Saturday, August 29, 2015

Don't believe the hype. Coal is not a job creator

I wonder how much Abbot gets in campaign contributions from coal companies?

Ben Oquist
Aug. 27, 2015

The prime minister (Tony Abbott, of Australia) has repeatedly said that the next election should be about jobs. He has attempted to kick-start a new “economy versus environment” strategy in relation to a coal mining. According to the ABS a huge 0.3% of Australians are currently employed in coal mining. If the coal industry trebled in size tomorrow it still wouldn’t be enough to create jobs for the extra 101,900 people who have become unemployed since Tony Abbott became prime minister.

Anyone who has ever seen an open cut coal mine will understand why they don’t create a lot of jobs. Work that was once done by men with picks and shovels is now done by explosives and enormous machines. Economists call such industries “capital intensive” which is another way of saying “doesn’t create many jobs”.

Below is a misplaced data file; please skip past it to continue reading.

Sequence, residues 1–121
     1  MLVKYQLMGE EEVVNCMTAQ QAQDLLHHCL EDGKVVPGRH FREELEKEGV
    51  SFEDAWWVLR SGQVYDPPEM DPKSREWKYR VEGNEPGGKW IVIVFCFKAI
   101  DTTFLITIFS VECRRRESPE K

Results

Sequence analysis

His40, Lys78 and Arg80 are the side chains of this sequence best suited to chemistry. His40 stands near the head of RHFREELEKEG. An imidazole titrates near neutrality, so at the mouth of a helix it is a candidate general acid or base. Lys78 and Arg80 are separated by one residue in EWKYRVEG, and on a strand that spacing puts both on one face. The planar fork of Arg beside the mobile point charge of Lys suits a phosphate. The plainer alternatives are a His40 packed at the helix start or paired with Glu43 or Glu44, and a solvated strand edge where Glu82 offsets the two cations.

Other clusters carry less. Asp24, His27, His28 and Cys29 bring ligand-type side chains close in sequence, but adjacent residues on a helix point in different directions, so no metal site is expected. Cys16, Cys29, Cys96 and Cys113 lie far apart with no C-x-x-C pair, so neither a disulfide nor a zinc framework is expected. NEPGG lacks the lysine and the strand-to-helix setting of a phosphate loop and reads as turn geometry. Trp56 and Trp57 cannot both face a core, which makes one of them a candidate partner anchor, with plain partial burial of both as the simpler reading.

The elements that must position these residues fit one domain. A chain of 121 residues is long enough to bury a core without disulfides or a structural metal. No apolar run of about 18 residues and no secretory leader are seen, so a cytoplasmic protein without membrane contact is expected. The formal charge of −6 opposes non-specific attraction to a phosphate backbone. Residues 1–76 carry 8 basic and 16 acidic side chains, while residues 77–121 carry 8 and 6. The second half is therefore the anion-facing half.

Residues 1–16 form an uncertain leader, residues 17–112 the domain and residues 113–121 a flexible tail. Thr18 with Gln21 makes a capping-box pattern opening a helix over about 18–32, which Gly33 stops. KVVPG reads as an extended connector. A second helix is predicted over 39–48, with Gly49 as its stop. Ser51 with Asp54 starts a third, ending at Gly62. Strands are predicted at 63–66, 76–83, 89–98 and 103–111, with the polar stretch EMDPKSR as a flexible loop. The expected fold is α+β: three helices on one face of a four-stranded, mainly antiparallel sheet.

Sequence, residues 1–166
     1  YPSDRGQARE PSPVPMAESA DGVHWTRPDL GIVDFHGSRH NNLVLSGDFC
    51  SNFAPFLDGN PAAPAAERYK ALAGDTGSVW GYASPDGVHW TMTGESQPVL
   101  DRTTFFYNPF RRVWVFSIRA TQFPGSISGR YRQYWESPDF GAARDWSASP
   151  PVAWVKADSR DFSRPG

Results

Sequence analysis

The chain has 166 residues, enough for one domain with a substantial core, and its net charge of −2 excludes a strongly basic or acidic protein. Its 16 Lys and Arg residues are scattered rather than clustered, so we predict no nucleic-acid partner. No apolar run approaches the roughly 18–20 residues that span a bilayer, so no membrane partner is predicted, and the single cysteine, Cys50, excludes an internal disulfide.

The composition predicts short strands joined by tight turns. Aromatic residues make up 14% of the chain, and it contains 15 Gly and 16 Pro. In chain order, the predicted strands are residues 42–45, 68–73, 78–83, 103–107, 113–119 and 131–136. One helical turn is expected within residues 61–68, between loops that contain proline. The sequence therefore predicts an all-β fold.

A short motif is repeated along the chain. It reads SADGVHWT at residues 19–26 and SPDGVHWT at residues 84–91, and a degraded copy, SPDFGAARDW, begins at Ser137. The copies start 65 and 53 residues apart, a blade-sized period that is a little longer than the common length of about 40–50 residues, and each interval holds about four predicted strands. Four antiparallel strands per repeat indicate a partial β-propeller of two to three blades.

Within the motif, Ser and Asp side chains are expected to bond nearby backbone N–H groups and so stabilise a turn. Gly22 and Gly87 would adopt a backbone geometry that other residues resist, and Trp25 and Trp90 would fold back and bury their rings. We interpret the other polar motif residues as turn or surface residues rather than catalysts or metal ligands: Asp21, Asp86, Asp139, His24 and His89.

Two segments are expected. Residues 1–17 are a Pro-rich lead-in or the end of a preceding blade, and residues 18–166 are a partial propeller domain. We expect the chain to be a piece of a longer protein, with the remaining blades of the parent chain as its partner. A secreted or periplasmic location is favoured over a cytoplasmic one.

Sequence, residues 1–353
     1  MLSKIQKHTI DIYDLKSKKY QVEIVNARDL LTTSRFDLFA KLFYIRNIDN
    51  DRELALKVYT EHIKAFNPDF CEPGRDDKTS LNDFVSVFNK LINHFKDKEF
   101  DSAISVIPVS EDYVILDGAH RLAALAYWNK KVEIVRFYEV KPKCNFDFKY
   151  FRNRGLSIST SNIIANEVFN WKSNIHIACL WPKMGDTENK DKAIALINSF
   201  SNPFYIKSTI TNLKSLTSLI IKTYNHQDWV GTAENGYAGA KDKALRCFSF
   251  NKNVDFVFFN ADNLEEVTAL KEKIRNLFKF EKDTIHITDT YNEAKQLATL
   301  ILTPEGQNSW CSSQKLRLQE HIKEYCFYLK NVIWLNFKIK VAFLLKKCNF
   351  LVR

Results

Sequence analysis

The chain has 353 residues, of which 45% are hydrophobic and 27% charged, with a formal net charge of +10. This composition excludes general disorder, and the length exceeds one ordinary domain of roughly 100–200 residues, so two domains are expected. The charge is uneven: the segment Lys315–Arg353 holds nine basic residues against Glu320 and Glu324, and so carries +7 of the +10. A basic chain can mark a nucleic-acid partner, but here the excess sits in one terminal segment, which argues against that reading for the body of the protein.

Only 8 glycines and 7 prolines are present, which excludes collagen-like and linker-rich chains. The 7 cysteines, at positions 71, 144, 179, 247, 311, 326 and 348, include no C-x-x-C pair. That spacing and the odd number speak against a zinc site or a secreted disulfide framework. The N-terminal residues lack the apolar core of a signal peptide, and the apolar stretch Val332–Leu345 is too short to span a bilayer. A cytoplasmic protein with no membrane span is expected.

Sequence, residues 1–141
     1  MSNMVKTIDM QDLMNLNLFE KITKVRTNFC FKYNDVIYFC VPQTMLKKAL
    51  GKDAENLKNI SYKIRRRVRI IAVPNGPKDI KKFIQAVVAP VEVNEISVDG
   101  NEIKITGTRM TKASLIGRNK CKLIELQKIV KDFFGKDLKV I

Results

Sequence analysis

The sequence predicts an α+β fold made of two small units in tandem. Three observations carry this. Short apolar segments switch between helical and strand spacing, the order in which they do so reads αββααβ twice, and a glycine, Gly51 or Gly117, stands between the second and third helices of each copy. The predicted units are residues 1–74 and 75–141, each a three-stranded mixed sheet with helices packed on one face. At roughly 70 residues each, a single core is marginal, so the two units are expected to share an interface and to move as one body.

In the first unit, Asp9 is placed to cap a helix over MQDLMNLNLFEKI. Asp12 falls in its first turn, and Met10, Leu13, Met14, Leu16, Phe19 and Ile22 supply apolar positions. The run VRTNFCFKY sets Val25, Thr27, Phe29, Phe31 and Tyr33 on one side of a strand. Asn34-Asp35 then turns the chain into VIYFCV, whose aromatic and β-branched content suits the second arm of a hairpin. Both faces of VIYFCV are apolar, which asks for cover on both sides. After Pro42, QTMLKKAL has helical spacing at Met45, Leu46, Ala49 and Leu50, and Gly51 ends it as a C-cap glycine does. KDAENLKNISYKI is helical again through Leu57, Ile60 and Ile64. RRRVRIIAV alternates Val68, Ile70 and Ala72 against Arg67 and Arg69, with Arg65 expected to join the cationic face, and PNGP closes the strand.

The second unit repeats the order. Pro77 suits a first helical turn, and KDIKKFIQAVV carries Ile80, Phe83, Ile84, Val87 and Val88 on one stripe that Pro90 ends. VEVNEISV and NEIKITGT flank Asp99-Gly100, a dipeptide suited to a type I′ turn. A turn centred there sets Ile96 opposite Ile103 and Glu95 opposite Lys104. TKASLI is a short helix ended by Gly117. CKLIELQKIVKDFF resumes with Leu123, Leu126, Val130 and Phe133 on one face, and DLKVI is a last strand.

The ABS provides clear data on this issue for anyone who is interested: it shows that every $1m in mining output creates 1.02 jobs while every $1m from health creates 8.47 jobs and agriculture creates 3.7 jobs. There is no doubt that building the Shenhua coal mine on the prime agricultural lands of the Liverpool plains will cost jobs, not create them.


Abbott has claimed repeatedly that “green tape” and “lawfare” are holding up a potential 10,000 jobs at his favourite coal mine, even though the company’s own economics expert, Dr Jerome Fahrer, admitted under oath that the figure was closer to 1,500 – including indirect jobs.


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